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Ernest Miller Ernest Miller pursues research and writing on cyberlaw, intellectual property, and First Amendment issues. Mr. Miller attended the U.S. Naval Academy before attending Yale Law School, where he was president and co-founder of the Law and Technology Society, and founded the technology law and policy news site LawMeme. He is a fellow of the Information Society Project at Yale Law School. Ernest Miller's blog postings can also be found @
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April 27, 2004

Crippled External Hard Drive for DVRs

Posted by Ernest Miller

A number of gadget websites have noted what sounds like nifty new technology, an external hard drive especially designed for Digital Video Recorders (DVRs). The device, from hard drive manufacturer Maxtor, connects to an existing DVR to provide up to an additional 160 hours of recording capability. Read the press release: Maxtor Expands QuickView Outside the Box.

What the press release doesn't tell you:

The first devices will be available in the summer of 2004 and have an eSATA interface. Maxtor is exploring USB 2.0 and FireWire/1394 connections. Good enough.

However, the product will not be available in retail initially, but rather via your cable/satellite provider. In other words, you won't own it. Actually, ownership is probably not a good idea because the device will not be portable and will be designed to connect to a single DVR. Moving or switching providers will be fun.

Furthermore, according to Maxtor's press contact:

Due to content protection/privacy, the Expander will not communicate/share files with the PC.

Content privacy? Not sure what that is. Regardless, why are so many new consumer devices being designed deliberately crippled? Why is the United States sacrificing so much potential innovation? Perhaps, Mary Hodder is right and it is time for "Silicon Valley Lamented".

via Designtechnica

Comments (4) + TrackBacks (0) | Category: Tools


COMMENTS

1. Jenny Levine on April 28, 2004 04:41 AM writes...

Ernest, you are so off-based on this one. After all, what makes you think you'll even be able to switch providers? Won't it all be one company by then?

;-)

Nice catch.

Permalink to Comment

2. Dennis on May 20, 2004 03:11 AM writes...

Jenny, how can you be so stupid?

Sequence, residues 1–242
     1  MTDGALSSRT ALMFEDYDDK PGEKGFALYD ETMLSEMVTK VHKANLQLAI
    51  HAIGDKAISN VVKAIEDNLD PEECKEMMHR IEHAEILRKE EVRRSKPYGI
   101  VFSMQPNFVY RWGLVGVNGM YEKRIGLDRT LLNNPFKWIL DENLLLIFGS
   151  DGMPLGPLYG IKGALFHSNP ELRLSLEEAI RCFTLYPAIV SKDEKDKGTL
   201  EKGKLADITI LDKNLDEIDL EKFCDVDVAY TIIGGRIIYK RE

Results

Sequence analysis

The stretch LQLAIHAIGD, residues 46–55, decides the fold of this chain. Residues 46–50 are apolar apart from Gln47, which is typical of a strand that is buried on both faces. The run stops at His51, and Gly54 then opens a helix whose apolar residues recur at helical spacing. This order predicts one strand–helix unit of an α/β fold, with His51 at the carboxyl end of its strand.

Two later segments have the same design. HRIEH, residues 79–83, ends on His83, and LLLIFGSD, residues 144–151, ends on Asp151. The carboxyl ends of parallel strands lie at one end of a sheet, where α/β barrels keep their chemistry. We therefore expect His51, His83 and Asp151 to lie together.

One provider?
Check your email. After the @ you will see providers you never heard of before.
Shopped for a car? Did some of those guys even make cars 5 years ago?
No. They entered the market because there was a profit potential.
Do you think the profit potential on web access will grow, decrease or stay the same?
If you answered correctly, then your comment: Won't it all be one..." is dumb, dumb, dumb!
If it ever got down to just one, I would enter the market and make a killing. And so would 1,000 others.
Too bad they did't teach economics when you went to school.
Think! Then email.

Permalink to Comment

3. makster gamiitron on June 6, 2004 02:47 PM writes...

corporate america is insecure, because it knows it's gonna get the boot from competitors... the patterns of action that lead to the desires in these groups controlling our markets are based soley on making you give more to them, and allow them to imagine all the potential you have... hmm, yah.. they teach real economics in the academies of the underground, without fake smiles and catchy remarks, without the faucade that one believes in the potential of rich people to care of the awareness of their existence to other people... of shut the fuck up i have the money and the resources, here is what you'll get to make it and create it, whatever you will be after you give me all your money and your freedom... screw the bitches and don't buy that devolved shit that tries to own what you do, even the non-existent potential

Permalink to Comment

4. Eric on September 3, 2004 09:56 PM writes...

"Content privacy? Not sure what that is. Regardless, why are so many new consumer devices being designed deliberately crippled? Why is the United States sacrificing so much potential innovation? Perhaps, Mary Hodder is right and it is time for "Silicon Valley Lamented"."


It's called the "Inducement Act", and the RIAA is trying to push it through Congress here in the USA. It would make hardware and software manufacturers partly responsible for illegal activity committed using their products. (It's complete bull, but that's never stopped our lawmakers before.) Kind of like holding Ford responsible if a bank robber uses one of their trucks as a getaway vehicle.
PLUS, next year we get the "Broadcast Flag" going into effect, which would effectively copy protect broadcast television (at the option of the specific channel) just like DVDs and VHS tapes.
They're just covering their butt.

Never dreamed of a day that a VCR would be illegal, did you?

"If it ever got down to just one, I would enter the market and make a killing. And so would 1,000 others."

Not if our fearless leaders repeal or just simply ignore antitrust laws (laws against monopolistic marketplace behavior). Without those in place, we'd all be using nothing but Windows in no time, because we'd have no choice.
Before you call someone dumb, you should check your own position for fiscal and political naivete.

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